1993 was a true Lola annus horribilis, with the T93/30 F1 car also proving the embarrassment of the GP field. With every team in F3000 opting for Reynard, Lola wasn't even represented in the category in which they had still been a race winner with Jean-Marc Gounon in 1992. Even their 'works' team DAMS switched to Reynard, as Gounon's surprise win at Magny-Cours in the final race (leading Apomatox's Olivier Panis, also in a Lola!) wasn't enough to convince them to stay with the Huntingdon marque. All that was left was Japanese F3000, but Reynard was making hay there as well.
By these standards their re-entry with Omegaland and Nordic was something of a comeback, although the marque's 1995 presence was equally modest, keeping their toe in with Nordic, one Danielson car (later expanded to two) and a singleton Draco entry for the talented Marco Campos. A win for Nordic's Marc Goossens at Hockenheim meant some light at the end of the tunnel in a time the supplier for the upcoming one-make formula was about to be announced.
A lifeline was offered to the company as it tied up the deal with FIA to become the chassis supplier of the new formula - at a time when Reynard seemed to have the best cards. It had the best car, and had already had previous experience with the Zytek Judd KV engine whereas Lola had been working exclusively with the Cosworth AC. But then again, Lola was the manufacturer with more than enough room on its production schedule…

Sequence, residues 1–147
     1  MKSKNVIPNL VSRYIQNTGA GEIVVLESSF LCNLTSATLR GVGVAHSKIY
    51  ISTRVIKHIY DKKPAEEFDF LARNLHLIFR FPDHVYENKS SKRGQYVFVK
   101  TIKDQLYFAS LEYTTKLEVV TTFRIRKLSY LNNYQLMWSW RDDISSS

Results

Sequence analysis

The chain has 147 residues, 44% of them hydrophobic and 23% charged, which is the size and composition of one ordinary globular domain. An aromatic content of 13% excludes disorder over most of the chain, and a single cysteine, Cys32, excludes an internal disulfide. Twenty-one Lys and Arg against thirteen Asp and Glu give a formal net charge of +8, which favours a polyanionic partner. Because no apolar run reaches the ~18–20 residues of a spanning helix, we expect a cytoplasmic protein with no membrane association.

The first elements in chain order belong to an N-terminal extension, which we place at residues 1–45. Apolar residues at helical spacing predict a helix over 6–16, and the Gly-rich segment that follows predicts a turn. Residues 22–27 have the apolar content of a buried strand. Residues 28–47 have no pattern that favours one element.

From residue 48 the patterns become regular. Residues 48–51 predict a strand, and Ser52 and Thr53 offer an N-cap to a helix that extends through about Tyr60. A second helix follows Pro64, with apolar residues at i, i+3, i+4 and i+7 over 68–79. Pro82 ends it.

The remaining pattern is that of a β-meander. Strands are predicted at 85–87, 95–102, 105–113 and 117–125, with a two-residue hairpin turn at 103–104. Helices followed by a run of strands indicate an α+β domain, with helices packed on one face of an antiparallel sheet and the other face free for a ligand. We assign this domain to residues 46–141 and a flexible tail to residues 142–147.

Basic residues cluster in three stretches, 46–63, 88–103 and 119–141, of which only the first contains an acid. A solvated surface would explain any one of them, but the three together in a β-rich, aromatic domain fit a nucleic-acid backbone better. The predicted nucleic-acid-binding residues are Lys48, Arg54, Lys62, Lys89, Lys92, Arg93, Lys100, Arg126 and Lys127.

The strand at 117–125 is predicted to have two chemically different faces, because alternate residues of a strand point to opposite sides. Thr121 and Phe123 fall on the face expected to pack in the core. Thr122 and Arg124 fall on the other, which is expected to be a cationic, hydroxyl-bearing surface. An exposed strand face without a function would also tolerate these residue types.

By the time the F3000 contract was sealed it was too late for the F1 project. Still very much short of money Broadley decided to shelve the project, only to resurrect the idea a year later, using some hairbrained sponsorship scheme jointly set up with Mastercard. This entailed creating funds through a Mastercard club membership of which Lola were sure would attract thousands of F1 fans over all the world. Needless to say that Broadley's expectations were set way too high. And that's not counting the fact that that technical preparations for this proud F1 undertaking had only seriously started three months before the 1997 Australian GP…
On the grid at Melbourne, the cars were the next disgrace in Lola's sequence of 90s embarrassments, Vincenzo Sospiri and Ricardo Rosset failing to qualify by a monster six seconds. By the next race in Brazil the sponsorship deal with Mastercard had predictably fallen through, the credit card company unwilling to fund an enterprise so evidently based on quicksand.
As a result the Lola company tumbled into a financial downward spiral, leading to the end of Eric Broadley as the director of Lola Cars, Inc. The fact that the Lola marque is alive and kicking as of today is all thanks to Mondello Park track owner Martin Birrane, who salvaged the company from bankruptcy and brought the Lola name back to where it belongs - the winner's circle.
As for Allan McNish, it's almost unimaginable that the ultra-talented Scot - once undoubtedly the better of David Coulthard in their karting days, and already then touted as the new Jim Clark - has gone without a single F1 drive throughout the nineties. It's only poetic justice that after all those successful years in sportscars he finally gets his chance in a highly professional GP effort. It's not often that a driver that has been neglected by the F1 fraternity for such a long time is picked after all to prove his worth at the very top. What chance has Tom Kristensen as a Grand Prix driver?